Small Household Appliances/under-counter lights
QUESTION: We have some under- the- counter lights to replace but having difficulty finding the correct bulbs. According to the printed info on the rim (but not on the bulb itself) the requirement is 120V, 20W.
I have attached a picture of our bulb. You can see that the pins are straight, unlike some that are fattened at the bottom. I have seen bulbs that look identical at some hardware shops, but they are 12V, not 120V. Here's my question: Since there is nothing printed on my bulb, is it possible that my bulb is actually 12V? I have seen 120V bulbs but they are shaped slightly different, and they won't fit. Is it possible that a 12V bulb will do the trick? Thanks.
ANSWER: I am only guessing, but I think the bulb that you have is 12VAC. There must be a transformer somewhere in the wiring to drop the voltage from 120 to 12. If you follow the wires back to where they plug into your house current, you may find a transformer. If you find such a transformer, there should be an input and output reading on it. The input will be 120VAC and the output will be what voltage your bulb is. I think you will find replacement bulbs at a building center if you know the voltage.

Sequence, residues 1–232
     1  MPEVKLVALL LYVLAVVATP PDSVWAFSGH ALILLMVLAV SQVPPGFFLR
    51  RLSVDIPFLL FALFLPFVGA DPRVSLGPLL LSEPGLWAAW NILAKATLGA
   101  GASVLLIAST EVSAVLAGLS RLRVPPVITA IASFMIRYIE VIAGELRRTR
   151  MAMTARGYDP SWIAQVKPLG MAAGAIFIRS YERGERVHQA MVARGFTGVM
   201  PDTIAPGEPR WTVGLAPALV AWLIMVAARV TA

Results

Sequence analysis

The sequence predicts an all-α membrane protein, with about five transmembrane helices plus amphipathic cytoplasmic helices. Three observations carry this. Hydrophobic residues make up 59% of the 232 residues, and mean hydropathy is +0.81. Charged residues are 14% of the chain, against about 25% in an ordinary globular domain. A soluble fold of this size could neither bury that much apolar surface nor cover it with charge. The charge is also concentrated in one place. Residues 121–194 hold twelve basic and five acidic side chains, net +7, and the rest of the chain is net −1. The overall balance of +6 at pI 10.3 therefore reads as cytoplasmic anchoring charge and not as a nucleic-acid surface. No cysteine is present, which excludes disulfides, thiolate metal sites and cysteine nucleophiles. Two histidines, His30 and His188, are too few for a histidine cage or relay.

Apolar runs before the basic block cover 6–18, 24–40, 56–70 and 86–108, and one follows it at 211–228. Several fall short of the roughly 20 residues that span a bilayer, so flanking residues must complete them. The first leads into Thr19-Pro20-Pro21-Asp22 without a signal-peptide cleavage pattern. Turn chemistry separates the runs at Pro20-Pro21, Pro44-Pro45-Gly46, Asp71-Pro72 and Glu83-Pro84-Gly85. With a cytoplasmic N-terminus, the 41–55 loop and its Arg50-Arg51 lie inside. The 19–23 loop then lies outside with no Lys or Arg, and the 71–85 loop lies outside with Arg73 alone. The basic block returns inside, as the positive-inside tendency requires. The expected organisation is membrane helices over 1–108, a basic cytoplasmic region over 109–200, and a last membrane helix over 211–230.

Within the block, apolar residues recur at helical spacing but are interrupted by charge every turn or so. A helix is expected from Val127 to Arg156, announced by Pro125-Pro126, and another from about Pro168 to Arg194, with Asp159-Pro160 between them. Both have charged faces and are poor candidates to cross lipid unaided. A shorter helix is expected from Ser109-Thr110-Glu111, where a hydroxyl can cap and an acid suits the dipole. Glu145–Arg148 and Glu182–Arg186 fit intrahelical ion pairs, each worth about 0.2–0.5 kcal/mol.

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QUESTION: What's the difference between 12V and 12VAC? The rest of your instruction regarding following the wires may be correct but I'm no electrician, so there's no way I could follow through on it.
I will try to be a little clearer. 120VAC is the current that comes out of your wall sockets. If you touch the hot lead you would get a shocking experience. After it is changed to 12VAC it would no longer be a shocking experience as the voltage would be too low. AC is alternating current and DC is direct current. DC voltage will not shock you even at higher voltage. I think that the light bar that you have has been transformed to 12VAC which is a much safer current to deal with but sometimes they use a transformer to change 120VAC to 12VDC. THis does require another system with diodes in it that changes the AC to DC voltage. A 12VAC bulb will not work in a 12VDC circuit and visa-verse. If you would like to know exactly what you have, you can purchase a Volt-Ohm meter for usually under $20 and measure the exact voltage and if it is AC or DC. Touch one lead to each side of the bulb socket and it will read the voltage. Be sure to use the AC or DC scale on the meter to see which it is. The reason they use low voltage is that it can use much less power and saves energy.